Airbyte takes a different approach, emphasizing customization and extensibility. Connectors in Airbyte implement the Airbyte protocol and can be created in three ways: using low-code connectors, a connector builder UI, or building more complex connectors using Python or Java with the Airbyte Connector Development Kit (CDK). The platform’s openness allows you to build connectors that match your unique data needs, making Airbyte an attractive choice for those seeking a more tailored data integration solution.

Fivetran: Streamlined Data Pipelines with a Hands-Off Approach

For those seeking a streamlined data integration solution, Fivetran offers a hands-off approach to building data pipelines. Setting up custom connectors in Fivetran involves using a cloud function, as detailed in their documentation. It is clear that their offering is more towards the hands-off approach of building data pipelines.

FiveTran custom connector schema, from https://fivetran.com/docs/functions

Image credit: https://fivetran.com/docs/functions

Meltano: Following the Standardized Singer Specification

Meltano follows the well-established Singer specification, utilizing “taps” to extract data records from sources and “targets” to store these records in desired destinations. The Singer specification standardizes the message format for taps and targets, offering a structured and standardized approach to data processing. While Meltano’s method aligns with the Singer specification, it’s essential to be aware of the opinions shared by Airbyte regarding Meltano/Singer, which can be found in these informative blog posts:

Deployment & Configuration: A Comparative Overview

Airbyte offers both an open-source option and a cloud-hosted solution. The open-source version grants the flexibility to run it locally, in containers, or on Kubernetes. The web interface makes configuration a breeze for both options.

Fivetran stands as a robust SaaS application, but its hosting is limited to their cloud infrastructure. Configuration is straightforward, thanks to the user-friendly web interface, although exporting configurations can be challenging. Moving out from the Fivetran cloud might prove difficult, as you cannot host their solution yourself.

Meltano provides an open-source component and a beta version of a managed cloud solution. The open-source variant offers versatility by running locally or in the cloud, using a CLI and config files. Though it lacks a web-based UI for easy configuration, the benefits lie in version controlling, saving, and restoring configurations with ease. Developers can apply updates to Meltano, making it an excellent choice for those well-versed in code and configuration.

Fivetran and Airbyte are accessible to non-developers with their intuitive web-based interfaces, ideal for quick and efficient setups. However, exporting or version-controlling configurations may be a limitation.

In contrast, Meltano takes a developer-centric approach, focusing on code and config files. While it lacks a web-based interface, integration with Dagster and Airflow provides options for pipeline scheduling. Configurations for sources, targets, and pipeline specifics remain code-based tasks, catering to developers with more technical expertise.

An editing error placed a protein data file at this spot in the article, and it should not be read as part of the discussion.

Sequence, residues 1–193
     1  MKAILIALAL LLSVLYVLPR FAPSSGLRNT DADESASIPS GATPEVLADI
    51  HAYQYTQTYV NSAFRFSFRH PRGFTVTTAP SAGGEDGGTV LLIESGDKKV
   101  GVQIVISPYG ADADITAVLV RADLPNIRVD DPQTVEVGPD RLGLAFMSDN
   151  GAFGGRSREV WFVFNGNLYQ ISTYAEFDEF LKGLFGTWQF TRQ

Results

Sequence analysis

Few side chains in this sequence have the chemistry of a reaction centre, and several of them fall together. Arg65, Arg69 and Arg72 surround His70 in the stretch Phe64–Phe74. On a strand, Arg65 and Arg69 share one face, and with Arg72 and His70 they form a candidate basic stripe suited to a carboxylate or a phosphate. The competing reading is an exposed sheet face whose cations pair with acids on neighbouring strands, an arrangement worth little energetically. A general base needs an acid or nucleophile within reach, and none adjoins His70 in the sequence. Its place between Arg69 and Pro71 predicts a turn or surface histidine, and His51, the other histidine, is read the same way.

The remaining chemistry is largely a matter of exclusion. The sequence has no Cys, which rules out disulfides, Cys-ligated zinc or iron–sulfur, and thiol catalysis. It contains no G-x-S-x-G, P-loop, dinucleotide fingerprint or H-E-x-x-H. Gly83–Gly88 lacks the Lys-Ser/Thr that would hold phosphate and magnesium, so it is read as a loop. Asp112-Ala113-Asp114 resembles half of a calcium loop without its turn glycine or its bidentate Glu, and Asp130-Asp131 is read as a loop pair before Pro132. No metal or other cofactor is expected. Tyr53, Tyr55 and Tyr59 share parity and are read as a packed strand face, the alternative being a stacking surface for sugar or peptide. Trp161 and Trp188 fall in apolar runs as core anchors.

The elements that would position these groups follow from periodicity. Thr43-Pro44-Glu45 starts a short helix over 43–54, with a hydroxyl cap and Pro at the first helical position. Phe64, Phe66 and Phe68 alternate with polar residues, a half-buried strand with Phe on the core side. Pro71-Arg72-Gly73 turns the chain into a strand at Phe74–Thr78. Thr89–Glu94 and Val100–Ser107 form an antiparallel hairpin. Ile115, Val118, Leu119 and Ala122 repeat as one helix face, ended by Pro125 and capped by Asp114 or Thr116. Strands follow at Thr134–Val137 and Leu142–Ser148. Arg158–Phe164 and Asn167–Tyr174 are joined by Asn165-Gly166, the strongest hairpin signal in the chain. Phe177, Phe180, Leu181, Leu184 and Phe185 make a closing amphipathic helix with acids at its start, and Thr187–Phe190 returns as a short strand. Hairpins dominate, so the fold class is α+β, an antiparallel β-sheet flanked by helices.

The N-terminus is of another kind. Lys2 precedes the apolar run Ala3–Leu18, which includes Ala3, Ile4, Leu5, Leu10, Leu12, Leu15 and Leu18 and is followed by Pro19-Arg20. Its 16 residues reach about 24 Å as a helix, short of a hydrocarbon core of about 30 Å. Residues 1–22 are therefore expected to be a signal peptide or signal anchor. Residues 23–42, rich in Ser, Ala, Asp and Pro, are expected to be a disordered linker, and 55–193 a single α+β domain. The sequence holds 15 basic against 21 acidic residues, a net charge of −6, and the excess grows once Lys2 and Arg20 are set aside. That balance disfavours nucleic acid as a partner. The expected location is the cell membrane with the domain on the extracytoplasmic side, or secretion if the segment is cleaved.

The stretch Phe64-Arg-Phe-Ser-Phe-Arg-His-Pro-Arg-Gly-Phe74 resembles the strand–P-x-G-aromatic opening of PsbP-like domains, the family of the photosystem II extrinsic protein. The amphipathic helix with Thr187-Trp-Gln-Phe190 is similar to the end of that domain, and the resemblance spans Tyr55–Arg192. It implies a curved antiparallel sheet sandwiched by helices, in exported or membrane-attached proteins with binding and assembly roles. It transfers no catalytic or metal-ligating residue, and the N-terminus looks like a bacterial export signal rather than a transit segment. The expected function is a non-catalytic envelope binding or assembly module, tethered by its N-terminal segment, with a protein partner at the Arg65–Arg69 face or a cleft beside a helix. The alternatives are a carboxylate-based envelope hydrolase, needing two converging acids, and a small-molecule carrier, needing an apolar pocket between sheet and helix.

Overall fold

Comparing Ingestion tools on Pricing

Airbyte: Cloud Pricing with Credits

Airbyte Cloud employs a credit-based pricing system, with each credit priced at $2.50. Check out their pricing page for further details. The page also outlines the credit cost for different data operations types, such as reading API sources (6 credits per million rows) and reading databases, warehouses, and file sources (4 credits per GB). Notably, writing to databases and warehouse destinations incurs no additional cost. For example, importing a database of just over 7 GB in size with 30 million rows would cost around $70 (calculated at 4 credits per GB). In contrast, utilizing Fivetran’s starter plan for the same task would amount to over $3000. The substantial price difference between these services is evident.

Data operations type What does one credit stand for?
Read API source 6 credits per million rows
Read database, warehouse & file source 4 credits per GB
Read custom source 6 credits per million rows
Write database & warehouse destination free

Fivetran: Pricing Based on Monthly Active Rows

Fivetran’s pricing structure is based on Monthly Active Rows (MAR), calculated as the number of rows added or updated. Costs per MAR vary depending on the plan and usage, with detailed information available here. For instance, processing 1 million MAR per month on a starter plan costs around $500/month, while on a standard plan, it would be approximately $750/month. To compare features across plans, refer to the feature comparison page.

Meltano: Cloud solution in Beta

Meltano operates solely as an open-source product, with a cloud offering in beta. Pricing right now is not available yet. The only costs incurred for using Meltano as OSS are related to hosting (cloud/on-premise) and, potentially, additional engineering labor to maintain the service.

Conclusion: Navigating the Ingestion Tool Landscape

In this comparison of three popular ingestion tools - Fivetran, Airbyte, and Meltano - we’ve explored the distinct features, pricing models, and capabilities they offer. Fivetran stands as a fully managed solution, excelling in mature connectors and ease of use, but it comes with a higher price tag. Airbyte, on the other hand, provides a flexible cloud and open-source offering, allowing greater control and lower costs, though its connectors are still evolving. Meltano takes a developer-focused approach with an open-source solution, relying on code and configuration files for customization, making it ideal for those well-versed in technical aspects.

Ultimately, the ideal choice among these tools depends on your organization’s specific requirements, resources, and expertise. By carefully considering the factors mentioned and understanding the strengths of each tool, you can seamlessly integrate data into your stack, setting the foundation for effective and data-driven decision-making in your business.

About the author

Maximilian Filtenborg

Maximilian is a machine learning enthusiast, experienced data engineer, and co-founder of BiteStreams. In his free-time he listens to electronic music and is into photography.